2022 PKG Public Service Award Undergraduate Recipient: David Spicer ’23
A home for advocacy: PKG Awardee dedicates himself to making change within education
Growing up and attending a small high school in Southwest Louisiana, advocating for equal opportunities was always something David Spicer was passionate about. Whether it be obtaining 250 signatures on a petition for adding Advanced Placement (AP) classes to his high school curriculum, or speaking in front of the Louisiana State Superintendent about the value of adding these AP classes.
“I got curious about on why they were telling me no initially, when I was trying to focus on bringing more classes to my school,” said Spicer about his early advocacy work in high school. “It was a deep learning experience in who has the power within education, that scratched an interest of something I wanted to learn more about,” said Spicer.
His heart for advocacy brought him to MIT, where he quickly began to flourish as both a student and an education advocate.
“I really found a home for advocacy within the Undergraduate Association (UA) of the MIT student government,” said Spicer, who is currently serving as the UA President. “That was a space where you can really honor commitment to students, while collaborating with some of the people who are really passionate about education, whether it’s administrative staff or faculty,” added Spicer.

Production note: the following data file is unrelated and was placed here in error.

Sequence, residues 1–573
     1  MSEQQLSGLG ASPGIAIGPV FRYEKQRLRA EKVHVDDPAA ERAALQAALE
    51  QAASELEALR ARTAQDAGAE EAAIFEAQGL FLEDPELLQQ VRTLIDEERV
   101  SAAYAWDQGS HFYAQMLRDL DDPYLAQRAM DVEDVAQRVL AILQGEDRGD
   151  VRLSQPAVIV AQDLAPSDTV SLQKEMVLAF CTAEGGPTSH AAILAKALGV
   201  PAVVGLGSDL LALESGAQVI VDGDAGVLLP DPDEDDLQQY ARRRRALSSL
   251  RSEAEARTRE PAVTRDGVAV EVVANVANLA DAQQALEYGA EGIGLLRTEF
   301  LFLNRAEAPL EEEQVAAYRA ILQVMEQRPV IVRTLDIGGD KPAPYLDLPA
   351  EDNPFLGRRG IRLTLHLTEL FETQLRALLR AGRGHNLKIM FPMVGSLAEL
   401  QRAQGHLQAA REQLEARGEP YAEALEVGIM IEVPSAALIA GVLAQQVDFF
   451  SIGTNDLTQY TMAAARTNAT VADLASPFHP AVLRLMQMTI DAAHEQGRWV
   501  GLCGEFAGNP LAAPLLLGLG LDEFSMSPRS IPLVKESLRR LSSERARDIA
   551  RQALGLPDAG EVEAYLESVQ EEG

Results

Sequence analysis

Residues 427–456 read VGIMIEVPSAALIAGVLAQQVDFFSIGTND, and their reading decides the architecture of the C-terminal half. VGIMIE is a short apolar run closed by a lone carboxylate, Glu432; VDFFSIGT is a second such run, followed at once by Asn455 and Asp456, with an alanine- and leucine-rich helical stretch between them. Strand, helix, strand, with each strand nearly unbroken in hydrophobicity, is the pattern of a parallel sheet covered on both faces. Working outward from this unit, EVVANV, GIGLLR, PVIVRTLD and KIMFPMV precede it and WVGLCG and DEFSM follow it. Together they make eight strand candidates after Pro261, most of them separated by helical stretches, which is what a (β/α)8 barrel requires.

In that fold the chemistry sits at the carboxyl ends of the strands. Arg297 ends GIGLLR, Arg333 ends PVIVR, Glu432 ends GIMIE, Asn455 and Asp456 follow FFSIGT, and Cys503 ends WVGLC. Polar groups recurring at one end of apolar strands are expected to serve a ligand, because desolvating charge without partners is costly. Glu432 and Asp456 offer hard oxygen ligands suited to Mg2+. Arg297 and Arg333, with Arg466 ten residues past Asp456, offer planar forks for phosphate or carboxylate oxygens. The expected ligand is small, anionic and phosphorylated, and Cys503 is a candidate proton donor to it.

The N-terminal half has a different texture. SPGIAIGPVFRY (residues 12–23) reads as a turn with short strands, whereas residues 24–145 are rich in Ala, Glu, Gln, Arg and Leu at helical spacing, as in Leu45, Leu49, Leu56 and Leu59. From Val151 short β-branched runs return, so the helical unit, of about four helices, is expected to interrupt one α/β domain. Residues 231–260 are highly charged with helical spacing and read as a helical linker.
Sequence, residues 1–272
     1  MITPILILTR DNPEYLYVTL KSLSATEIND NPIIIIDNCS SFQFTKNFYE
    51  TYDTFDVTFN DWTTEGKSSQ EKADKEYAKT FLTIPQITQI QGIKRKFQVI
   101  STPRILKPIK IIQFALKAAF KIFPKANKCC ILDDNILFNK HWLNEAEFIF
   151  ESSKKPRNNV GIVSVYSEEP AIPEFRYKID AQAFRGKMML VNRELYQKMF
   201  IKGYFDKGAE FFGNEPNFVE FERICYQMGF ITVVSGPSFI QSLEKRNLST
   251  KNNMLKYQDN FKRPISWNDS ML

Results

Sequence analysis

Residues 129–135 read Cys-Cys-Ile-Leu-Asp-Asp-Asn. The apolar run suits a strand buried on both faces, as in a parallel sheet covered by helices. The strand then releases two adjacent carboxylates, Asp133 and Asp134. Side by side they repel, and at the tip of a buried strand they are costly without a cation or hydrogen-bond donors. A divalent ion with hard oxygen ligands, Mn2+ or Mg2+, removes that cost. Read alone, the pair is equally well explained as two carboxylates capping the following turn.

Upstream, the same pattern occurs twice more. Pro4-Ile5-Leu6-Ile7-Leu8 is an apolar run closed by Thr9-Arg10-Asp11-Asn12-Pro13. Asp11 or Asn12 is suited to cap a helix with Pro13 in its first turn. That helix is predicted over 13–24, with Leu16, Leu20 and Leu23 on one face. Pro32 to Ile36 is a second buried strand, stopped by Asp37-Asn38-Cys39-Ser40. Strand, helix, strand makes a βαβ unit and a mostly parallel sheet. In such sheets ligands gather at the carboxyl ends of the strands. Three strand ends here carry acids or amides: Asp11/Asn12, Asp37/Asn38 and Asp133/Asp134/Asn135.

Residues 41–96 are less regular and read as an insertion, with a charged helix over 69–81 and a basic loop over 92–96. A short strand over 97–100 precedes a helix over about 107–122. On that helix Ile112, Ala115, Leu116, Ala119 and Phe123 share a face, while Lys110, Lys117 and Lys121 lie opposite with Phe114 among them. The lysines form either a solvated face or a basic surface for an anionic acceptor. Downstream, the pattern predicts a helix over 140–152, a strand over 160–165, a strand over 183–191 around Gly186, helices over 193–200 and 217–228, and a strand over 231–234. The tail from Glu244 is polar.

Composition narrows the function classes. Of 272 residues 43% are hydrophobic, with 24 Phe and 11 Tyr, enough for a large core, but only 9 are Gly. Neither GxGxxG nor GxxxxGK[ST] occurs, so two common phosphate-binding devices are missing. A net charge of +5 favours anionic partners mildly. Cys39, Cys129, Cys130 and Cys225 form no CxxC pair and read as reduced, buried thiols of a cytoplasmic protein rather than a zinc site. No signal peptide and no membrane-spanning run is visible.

Early on in his time at MIT, many took notice of Spicer’s work ethic including Katherine Hoss, a political science lecturer at MIT.
“David has a very clear mission statement: he is dedicating his education and his eventual career to
solving issues of equity in education,” said Hoss in her recommendation letter for Spicer to be considered for the Priscilla King Gray Award.
This past May, he was named the undergraduate recipient of the 2022 Priscilla King Gray Student Award for Public Service.
“It’s a high impact, really meaningful award for someone in public service,” said Spicer on winning the PKG service award
Spicer’s work has gone beyond student government as he was accepted into the MIT Washington Summer Internship Program in 2021, where he worked with Washington D.C. public schools on their equity strategy and programming team.
His resume also includes public service work at the Massachusetts Advocates for Children, a nonprofit children’s advocacy agency in downtown Boston, and an internship with the federal Department of Education.
Throughout his professional experiences, Spicer has been advocating for issues such as racial justice in education, improving special education accommodations, providing COVID-19 resources to families in need, among many other issues.
In addition to holding an impressive GPA at MIT, he has also taken education courses at Harvard.
Spicer is currently working on his thesis and has begun advocacy work back home in Louisiana related to equity issues within higher education.
Learn more about the Priscilla King Gray Award for Public Service, and if you know a student who is ‘making a better world’ through their work in public service, consider nominating them for the 2023 award!